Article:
There is a new quitting-smoking study coming out in October, and this one focuses on teenagers at the beginning of their illustrious smoking careers. The study shows that a smoking cessation program in combination with exercise is the most successful way to get teenagers to stop smoking entirely, compared with a “brief intervention” (a 15-minute stop-smoking lecture that could only have elicited eye-rolls) and an old-fashioned smoking cessation program. The researchers think they’ve pinpointed the reason:
“Exercise and in particular, cardiovascular exercise, is an excellent way to help kids move toward being tobacco-free. It can change their routine. Exercise can build feelings of self-efficacy, and make teens feel like they can change their behavior. It also causes the release of lactic acid from the muscles and endorphins, which can replace some of those internal reinforcers that come from smoking.”
The endorphins thing! No, it’s not endorphins, and it’s not lactic acid. It’s because if you’re smoking a pack a day like some of these kids apparently were, exercise is more difficult than it would be for non-smokers. Like, on your lungs. And also, let’s say you’re in this program where they’re making you exercise instead of hanging out under the bleachers with your friends after school, or whatever it is you do as a sulky teen. Eventually, wheezing through all the runs and soccer games will no longer be worth it so you’ll start to smoke less and less. You’re hardly ever under the bleachers anymore. Your friends start rehearsing their new punk band without you and don’t return your sexts since you’re always at that weird after-school thing your parents are making you do. Somewhere along the way, you find that you haven’t smoked any cigarettes in weeks and the science camp Mom suggested doesn’t sound so bad. So, no, it’s not endorphins.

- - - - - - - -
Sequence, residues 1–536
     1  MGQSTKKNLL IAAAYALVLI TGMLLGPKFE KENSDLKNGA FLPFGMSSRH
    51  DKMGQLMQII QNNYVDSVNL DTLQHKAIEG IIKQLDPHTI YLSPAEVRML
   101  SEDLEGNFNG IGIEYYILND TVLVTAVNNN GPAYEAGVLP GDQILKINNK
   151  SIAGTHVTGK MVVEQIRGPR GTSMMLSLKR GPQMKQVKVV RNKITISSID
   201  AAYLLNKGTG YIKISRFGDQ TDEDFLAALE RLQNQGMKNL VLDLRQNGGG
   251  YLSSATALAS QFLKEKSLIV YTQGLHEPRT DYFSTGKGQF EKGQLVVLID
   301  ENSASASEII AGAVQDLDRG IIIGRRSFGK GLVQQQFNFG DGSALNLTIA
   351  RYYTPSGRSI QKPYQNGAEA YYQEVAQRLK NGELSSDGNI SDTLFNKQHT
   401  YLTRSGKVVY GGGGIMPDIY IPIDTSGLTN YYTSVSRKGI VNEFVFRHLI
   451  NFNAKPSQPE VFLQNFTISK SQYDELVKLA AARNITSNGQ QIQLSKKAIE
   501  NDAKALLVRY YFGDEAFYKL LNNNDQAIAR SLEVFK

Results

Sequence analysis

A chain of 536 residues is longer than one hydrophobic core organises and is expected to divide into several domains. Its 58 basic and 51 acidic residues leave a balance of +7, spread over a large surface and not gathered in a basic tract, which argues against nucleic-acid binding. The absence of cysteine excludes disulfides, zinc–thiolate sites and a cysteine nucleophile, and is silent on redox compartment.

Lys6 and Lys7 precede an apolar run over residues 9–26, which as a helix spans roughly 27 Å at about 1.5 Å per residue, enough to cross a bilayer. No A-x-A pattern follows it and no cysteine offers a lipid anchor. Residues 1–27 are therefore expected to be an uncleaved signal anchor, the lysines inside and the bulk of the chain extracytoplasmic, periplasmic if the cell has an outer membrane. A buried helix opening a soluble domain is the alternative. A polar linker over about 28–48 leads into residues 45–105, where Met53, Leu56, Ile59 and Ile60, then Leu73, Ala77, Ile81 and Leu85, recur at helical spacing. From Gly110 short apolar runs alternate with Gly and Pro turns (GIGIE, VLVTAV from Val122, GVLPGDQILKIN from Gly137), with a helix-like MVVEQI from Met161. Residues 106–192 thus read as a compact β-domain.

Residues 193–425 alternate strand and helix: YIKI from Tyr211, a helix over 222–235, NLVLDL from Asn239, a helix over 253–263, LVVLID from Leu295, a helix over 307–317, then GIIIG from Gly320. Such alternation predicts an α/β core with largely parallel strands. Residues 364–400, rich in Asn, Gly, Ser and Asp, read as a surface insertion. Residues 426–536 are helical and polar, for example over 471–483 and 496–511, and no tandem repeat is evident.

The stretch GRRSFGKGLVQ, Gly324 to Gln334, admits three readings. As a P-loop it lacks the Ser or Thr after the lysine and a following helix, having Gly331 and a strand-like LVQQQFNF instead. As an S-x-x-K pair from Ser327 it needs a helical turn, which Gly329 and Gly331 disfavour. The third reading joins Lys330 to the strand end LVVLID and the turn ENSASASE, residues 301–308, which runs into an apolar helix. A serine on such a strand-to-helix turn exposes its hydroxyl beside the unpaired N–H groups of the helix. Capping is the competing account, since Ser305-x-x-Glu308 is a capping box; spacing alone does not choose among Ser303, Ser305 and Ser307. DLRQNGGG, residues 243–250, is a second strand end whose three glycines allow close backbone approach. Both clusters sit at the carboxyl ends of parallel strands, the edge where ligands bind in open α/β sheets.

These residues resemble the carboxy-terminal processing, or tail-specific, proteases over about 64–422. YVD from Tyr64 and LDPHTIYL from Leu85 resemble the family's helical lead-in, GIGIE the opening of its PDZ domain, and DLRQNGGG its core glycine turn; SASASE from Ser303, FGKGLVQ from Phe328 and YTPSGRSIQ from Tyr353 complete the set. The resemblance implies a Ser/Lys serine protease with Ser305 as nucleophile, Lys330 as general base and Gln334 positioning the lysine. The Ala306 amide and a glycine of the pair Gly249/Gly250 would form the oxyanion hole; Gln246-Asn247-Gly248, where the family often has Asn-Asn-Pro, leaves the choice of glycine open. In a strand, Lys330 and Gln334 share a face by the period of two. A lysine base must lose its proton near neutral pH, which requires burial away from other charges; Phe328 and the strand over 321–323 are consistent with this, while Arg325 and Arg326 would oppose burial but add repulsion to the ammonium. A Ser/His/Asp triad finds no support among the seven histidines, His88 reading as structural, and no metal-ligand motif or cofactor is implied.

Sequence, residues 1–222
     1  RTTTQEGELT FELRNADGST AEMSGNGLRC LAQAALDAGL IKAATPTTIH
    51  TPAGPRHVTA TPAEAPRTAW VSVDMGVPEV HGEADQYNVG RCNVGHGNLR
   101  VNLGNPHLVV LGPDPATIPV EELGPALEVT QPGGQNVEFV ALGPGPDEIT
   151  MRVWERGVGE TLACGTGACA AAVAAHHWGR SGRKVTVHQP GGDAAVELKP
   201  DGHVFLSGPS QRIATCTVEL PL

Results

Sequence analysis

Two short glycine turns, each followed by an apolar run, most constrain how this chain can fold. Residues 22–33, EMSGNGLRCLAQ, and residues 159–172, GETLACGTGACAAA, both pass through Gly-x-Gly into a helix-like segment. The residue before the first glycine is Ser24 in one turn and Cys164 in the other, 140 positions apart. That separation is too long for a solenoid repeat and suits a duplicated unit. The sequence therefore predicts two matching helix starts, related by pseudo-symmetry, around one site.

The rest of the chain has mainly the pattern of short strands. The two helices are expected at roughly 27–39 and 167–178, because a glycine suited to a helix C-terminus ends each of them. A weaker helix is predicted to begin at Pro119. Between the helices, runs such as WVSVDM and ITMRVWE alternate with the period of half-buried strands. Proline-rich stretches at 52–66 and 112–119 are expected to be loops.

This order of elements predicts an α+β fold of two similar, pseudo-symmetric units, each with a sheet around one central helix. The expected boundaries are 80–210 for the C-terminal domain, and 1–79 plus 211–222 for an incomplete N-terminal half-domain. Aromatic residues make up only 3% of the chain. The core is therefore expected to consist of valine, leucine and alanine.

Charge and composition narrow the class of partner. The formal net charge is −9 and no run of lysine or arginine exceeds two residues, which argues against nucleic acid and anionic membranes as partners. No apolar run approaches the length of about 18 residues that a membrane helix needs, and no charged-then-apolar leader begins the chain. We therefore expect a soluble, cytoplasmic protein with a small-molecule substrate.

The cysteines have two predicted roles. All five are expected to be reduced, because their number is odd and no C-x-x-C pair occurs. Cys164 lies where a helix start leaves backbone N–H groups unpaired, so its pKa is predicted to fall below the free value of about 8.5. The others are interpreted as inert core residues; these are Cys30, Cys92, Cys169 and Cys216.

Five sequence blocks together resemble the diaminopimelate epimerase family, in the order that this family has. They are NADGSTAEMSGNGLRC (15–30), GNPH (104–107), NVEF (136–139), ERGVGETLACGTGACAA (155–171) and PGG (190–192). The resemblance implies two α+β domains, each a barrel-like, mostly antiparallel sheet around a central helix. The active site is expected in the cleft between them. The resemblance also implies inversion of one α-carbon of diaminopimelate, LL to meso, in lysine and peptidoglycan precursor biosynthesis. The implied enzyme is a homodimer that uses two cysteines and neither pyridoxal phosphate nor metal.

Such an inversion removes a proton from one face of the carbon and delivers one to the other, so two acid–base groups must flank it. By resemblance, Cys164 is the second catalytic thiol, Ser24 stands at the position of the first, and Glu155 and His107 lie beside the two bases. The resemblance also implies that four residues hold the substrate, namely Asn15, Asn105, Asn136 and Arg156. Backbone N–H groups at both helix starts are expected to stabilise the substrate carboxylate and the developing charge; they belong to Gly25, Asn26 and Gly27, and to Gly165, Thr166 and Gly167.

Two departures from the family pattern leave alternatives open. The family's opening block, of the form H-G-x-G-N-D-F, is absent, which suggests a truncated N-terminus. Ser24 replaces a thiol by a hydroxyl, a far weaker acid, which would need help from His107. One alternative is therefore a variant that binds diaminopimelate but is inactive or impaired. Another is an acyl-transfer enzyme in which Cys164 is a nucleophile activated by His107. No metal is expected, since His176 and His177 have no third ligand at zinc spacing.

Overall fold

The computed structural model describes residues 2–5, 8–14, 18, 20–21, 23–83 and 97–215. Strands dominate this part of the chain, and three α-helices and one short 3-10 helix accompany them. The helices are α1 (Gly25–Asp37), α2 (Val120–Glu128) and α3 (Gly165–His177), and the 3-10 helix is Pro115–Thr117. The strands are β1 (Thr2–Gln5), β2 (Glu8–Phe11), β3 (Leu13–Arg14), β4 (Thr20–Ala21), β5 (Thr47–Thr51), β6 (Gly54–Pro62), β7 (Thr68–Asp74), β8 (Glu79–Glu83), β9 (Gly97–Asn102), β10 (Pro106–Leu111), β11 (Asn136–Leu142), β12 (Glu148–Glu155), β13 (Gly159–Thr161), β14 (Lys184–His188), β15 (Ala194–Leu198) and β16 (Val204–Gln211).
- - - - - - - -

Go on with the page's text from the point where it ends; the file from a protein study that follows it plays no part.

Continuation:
And they’ll all start smoking again when they get to college anyway.
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